NEW YORK (Reuters) - Oil prices dropped more than 7 percent to below $50 a barrel on Thursday as a bearish U.S. jobs report intensified concerns of a long and deep global recession and further crushed fuel demand expectations.
The U.S. government reported the number of workers making new claims for jobless benefits surged last week to the highest level in 16 years, helping to push down global equity markets.
U.S. crude fell $4.00 to settle at $49.62 a barrel, the lowest settlement since May 23, 2005. London Brent crude shed $3.64 to settle at $48.08 a barrel, its lowest close since May 20, 2005.
“With the global equity indices being led lower by U.S. indices, such as the S&P 500 and Dow Jones Industrials, which are both testing the lows dating back to 2001-2002, commodities across the board are on the defensive, with crude oil being the poster child for a major global recession,” Chris Jarvis, senior analyst for Caprock Risk Management, said.
“Further weakness can be expected for crude oil, if global markets continue to march on their deep spiral south.”
Oil has tumbled nearly $100 from record highs above $147 a barrel in July, as the economic crisis strangles demand growth in large consuming nations such as the United States.
Citigroup Inc’s shares tumbled 25 percent as investors questioned the bank’s ability to withstand what are expected to be billions in additional loan losses in 2009.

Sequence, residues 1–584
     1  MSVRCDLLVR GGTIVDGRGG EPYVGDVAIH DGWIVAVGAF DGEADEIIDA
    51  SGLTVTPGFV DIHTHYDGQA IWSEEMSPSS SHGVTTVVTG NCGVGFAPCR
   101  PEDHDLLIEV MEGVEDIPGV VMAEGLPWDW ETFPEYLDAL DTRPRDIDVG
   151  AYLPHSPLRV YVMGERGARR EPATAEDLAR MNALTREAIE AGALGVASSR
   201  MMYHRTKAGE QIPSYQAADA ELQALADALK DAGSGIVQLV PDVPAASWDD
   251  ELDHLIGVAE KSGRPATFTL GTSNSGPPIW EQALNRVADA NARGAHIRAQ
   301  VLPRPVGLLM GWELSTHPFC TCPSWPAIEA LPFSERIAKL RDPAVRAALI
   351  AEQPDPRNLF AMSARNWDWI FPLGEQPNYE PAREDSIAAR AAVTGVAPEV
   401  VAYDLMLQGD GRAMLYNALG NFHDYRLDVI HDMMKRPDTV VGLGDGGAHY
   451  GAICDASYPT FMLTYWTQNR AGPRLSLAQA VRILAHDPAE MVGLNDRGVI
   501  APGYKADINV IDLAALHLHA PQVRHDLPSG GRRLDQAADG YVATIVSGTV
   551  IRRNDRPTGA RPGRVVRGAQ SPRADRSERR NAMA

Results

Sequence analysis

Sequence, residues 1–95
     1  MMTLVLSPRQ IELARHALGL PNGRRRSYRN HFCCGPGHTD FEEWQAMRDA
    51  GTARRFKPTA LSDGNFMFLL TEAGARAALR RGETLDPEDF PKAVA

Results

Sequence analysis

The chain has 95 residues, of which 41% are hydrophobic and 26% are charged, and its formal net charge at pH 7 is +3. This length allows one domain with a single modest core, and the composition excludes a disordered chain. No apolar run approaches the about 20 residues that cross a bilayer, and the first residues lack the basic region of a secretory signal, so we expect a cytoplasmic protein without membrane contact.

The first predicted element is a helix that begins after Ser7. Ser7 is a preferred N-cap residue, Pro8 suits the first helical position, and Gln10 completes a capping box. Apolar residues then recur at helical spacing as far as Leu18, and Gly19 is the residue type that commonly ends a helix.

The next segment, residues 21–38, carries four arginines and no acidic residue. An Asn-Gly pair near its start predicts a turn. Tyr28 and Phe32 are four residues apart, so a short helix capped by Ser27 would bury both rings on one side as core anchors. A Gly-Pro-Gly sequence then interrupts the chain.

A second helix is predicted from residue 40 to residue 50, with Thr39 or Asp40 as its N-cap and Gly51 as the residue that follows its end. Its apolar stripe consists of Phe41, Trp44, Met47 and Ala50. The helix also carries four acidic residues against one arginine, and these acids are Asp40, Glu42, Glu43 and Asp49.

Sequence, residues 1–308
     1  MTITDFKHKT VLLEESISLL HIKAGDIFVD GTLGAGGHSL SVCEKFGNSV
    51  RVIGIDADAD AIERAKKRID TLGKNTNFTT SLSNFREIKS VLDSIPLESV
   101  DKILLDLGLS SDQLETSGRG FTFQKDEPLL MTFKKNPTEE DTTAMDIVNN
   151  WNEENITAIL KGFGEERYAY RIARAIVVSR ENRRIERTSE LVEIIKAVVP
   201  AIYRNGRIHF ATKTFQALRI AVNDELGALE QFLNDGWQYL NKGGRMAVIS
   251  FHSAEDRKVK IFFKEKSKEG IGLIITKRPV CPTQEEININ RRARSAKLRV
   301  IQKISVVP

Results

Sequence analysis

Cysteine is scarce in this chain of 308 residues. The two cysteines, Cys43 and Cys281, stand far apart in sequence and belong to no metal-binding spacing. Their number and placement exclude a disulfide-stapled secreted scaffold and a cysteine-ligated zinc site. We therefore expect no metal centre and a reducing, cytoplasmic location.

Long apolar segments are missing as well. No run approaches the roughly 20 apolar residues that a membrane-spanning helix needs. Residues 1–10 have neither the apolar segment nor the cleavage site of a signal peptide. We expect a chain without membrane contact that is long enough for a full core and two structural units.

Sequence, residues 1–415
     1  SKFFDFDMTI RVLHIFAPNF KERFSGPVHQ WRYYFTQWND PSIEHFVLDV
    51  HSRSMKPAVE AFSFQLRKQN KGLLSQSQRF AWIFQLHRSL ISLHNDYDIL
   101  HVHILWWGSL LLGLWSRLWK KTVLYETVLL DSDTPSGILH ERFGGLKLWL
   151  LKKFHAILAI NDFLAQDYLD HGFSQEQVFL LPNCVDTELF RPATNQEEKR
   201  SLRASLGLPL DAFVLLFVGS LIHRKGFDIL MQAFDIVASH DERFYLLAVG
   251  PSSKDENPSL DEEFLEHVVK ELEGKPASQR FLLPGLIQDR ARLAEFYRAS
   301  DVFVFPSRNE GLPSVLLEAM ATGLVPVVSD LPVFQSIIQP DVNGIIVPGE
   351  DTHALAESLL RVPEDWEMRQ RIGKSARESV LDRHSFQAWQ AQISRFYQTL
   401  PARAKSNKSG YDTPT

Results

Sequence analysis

As demand slumps, oil companies plan to store millions of barrels of crude in the hope economics will improve.
Shipping brokers on Thursday said U.S. oil trader Koch and Royal Dutch Shell had booked supertankers capable of storing 10 million barrels of crude, more than top exporter Saudi Arabia produces in a day.
Libya’s top oil official said on Thursday the Organization of Petroleum Exporting Countries may decide to reduce supply further at a meeting in Cairo next week, if it finds members have implemented a previous decision to lower output.
The comments followed remarks from other OPEC members, including Kuwait, Iran and Venezuela, raising the possibility of a further cut in supply to prop up oil prices.
Since early September, OPEC has said it would remove around 2 million barrels per day from international markets, but the market has taken the view that falling demand is a bigger factor than tightening supply.
Additional reporting by Matthew Robinson, Robert Gibbons and Gene Ramos in New York; Chris Baldwin in London; Editing by Walter Bagley